The new HBO show is like The Sopranos in one key respect: Where you come from is vitally important
"Family, duty, honor. Is that the right order?"
In the weeks before it premiered, Game of Thrones was often described as "Lord of the Rings meets The Sopranos." That description is too neat to capture the essence of what Game of Thrones is really about, but it does hint at an important quality that this series and The Sopranos have in common: if you look past the violence, the sex, and the rest of the genre window dressing, everything really comes down to family.
The title of last night's series-best episode, "The Wolf and The Lion," refers to the sigils that serve as symbols for the Stark and Lannister families. The world of Game of Thrones is steeped in arcane symbols—sigils, family colors, slogans, tomes of ancestral history. Particularly in the Middle Ages (or, for our purposes, in the Middle Ages pastiche of Westeros), these icons served an extra-vital purpose: spreading a family's legacy and influence across the country. You may not recognize a Targaryen by sight, but you'd recognize a black-and-red dragon banner from a mile away.
These family sigils have enormous power in Westeros. When Queen Cersei demanded the killing of Sansa Stark's direwolf in "The Kingsroad," it was more than the death of a beloved pet; it was an insult to the Starks as a whole, because direwolves symbolize the purest, noblest, and most essential aspects of their family.
The family mottos discussed in "The Wolf and The Lion" serve just as vital purpose. The Starks' oft-quoted "Winter is coming," befits a hale clan from the north—people who live each day with the knowledge that harder times are just around the corner. Each of the seven kingdoms have defined themselves by their creeds, and it's expected that each family member represent that creed in all that they do (though sometimes the families themselves get it wrong—the official motto of the Lannister family is "Hear me roar," a stupidly generic slogan that virtually everyone discards in favor of the far more telling "A Lannister always pays his debts").
The slogan of the Tully clan is "family, duty, honor." In "The Wolf and The Lion," Lady Catelyn Stark (a Tully by birth) is forced to question her commitment to that ideology as she brings her prisoner, Tyrion Lannister, to stand trial in front of her sister Lysa. The attempt on Bran's life, which Tyrion claims ignorance of, has had far-reaching implications across Westeros, but it has angered no one more than Catelyn Stark. When her son was attacked, she fell back on her old family motto, capturing Tyrion without proof of his involvement and putting him at the mercy of her family.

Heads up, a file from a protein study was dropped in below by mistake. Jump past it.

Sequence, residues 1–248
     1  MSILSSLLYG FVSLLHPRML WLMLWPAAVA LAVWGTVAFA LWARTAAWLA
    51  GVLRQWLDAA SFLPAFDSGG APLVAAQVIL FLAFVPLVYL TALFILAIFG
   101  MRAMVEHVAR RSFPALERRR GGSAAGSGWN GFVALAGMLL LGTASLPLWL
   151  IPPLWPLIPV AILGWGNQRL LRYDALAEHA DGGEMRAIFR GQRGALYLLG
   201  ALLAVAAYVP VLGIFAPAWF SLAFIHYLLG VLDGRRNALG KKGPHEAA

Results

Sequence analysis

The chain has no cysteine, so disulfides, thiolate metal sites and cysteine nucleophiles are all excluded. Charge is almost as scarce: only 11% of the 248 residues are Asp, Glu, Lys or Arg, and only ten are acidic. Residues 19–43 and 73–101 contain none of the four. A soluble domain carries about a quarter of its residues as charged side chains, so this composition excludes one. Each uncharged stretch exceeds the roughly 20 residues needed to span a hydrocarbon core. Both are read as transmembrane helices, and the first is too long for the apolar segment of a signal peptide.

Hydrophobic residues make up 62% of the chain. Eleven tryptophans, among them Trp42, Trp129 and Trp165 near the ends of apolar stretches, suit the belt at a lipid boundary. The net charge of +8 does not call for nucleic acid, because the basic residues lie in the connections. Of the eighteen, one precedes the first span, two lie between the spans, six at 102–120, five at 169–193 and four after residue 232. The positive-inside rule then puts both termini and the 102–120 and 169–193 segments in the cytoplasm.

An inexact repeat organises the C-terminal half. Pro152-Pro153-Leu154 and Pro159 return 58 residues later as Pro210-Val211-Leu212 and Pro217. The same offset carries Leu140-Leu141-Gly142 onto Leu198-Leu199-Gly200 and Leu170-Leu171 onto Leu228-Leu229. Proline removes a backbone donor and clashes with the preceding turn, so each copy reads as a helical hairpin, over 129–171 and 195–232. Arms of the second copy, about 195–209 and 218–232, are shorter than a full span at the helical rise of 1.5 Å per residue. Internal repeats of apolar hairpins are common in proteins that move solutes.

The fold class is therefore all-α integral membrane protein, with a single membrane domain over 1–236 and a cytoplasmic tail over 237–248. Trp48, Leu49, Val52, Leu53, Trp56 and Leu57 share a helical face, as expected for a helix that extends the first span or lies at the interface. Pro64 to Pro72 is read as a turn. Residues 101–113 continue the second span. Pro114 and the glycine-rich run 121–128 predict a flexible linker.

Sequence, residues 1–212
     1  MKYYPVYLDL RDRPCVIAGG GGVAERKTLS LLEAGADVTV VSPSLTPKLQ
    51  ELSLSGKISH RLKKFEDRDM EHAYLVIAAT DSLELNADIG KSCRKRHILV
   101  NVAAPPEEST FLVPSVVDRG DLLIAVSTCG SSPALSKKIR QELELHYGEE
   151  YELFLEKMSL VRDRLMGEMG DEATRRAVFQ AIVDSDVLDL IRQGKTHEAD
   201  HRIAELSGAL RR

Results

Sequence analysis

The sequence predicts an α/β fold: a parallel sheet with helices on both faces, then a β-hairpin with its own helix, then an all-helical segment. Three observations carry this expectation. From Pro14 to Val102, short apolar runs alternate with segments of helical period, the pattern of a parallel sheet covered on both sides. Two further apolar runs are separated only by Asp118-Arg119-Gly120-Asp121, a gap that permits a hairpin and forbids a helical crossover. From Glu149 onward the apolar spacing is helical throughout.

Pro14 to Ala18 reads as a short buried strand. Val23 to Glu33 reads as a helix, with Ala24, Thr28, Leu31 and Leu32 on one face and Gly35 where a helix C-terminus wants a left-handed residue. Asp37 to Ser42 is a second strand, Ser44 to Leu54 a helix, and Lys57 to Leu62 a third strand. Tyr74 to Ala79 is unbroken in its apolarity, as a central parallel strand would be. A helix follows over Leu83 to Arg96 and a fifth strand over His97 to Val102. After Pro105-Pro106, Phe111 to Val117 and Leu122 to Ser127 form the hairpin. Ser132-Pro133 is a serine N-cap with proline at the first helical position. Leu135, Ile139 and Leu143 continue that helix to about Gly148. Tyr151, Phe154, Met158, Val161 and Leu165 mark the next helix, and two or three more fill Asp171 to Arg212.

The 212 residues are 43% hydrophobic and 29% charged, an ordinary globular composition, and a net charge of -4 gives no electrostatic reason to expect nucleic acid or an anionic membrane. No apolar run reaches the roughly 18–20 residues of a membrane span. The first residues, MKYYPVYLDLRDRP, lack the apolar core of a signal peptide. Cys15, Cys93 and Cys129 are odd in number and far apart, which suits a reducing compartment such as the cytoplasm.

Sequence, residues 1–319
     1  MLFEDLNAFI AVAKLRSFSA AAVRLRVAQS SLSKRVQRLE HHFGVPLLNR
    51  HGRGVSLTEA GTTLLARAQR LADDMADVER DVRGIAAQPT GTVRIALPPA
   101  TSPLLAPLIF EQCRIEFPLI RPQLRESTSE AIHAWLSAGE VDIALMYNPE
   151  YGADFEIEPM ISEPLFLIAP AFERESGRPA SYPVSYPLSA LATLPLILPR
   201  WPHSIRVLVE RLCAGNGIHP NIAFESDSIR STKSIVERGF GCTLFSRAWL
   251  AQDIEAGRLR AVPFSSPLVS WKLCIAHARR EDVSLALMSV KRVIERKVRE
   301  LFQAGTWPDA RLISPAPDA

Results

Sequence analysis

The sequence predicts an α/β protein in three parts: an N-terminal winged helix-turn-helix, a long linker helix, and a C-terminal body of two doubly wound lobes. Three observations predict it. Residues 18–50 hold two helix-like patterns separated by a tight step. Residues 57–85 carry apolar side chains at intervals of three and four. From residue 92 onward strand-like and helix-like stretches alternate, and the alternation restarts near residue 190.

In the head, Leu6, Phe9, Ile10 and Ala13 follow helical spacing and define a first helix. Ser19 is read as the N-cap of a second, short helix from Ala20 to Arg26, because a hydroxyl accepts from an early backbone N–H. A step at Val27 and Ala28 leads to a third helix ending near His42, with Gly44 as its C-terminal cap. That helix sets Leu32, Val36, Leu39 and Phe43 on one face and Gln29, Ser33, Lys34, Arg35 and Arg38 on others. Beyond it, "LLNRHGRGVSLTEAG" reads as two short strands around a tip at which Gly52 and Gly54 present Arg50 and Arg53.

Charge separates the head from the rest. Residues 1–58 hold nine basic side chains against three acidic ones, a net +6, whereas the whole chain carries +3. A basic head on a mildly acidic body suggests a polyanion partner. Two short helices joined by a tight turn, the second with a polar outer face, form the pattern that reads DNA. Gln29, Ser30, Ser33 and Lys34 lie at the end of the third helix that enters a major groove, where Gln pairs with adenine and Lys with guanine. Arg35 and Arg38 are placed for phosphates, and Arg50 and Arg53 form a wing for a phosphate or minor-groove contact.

Unfortunately, Lysa seems to have taken the Tully family motto a bit too literally. Even more so than Catelyn, Lysa's priority is family, at the exclusion of duty, honor, and apparently anything else. The sight of Lysa sitting on the throne, breastfeeding her seven-year-old son Robin, works as first-rate nightmare fuel, but it also represents the danger of familial love taken to its absolute extreme. Her kingdom is apparently run on the whims of her demented adolescent child, who cackles gleefully at the idea of "seeing the bad man fly" without investigation or trial.
Creepy young Robin is like a shadowy doppelganger of Catelyn's own son, Bran. Robin's deficiencies are mental; Bran's are physical. Robin is a gibbering idiot; Bran is "too wise for his own good." Catelyn left Bran behind to seek justice for his injuries, but by Bran's own testimony, he'd rather she had stayed in Winterfell. There are no easy answers; things get complicated when family, duty, and honor become intertwined, and Catelyn's loyalty to her son has made her act foolishly and recklessly, and put the rest of her family in danger. The twisted relationship between Lysa and Robin should serve as a warning to Catelyn; without proper judgment, her love for her family could pervert or destroy it.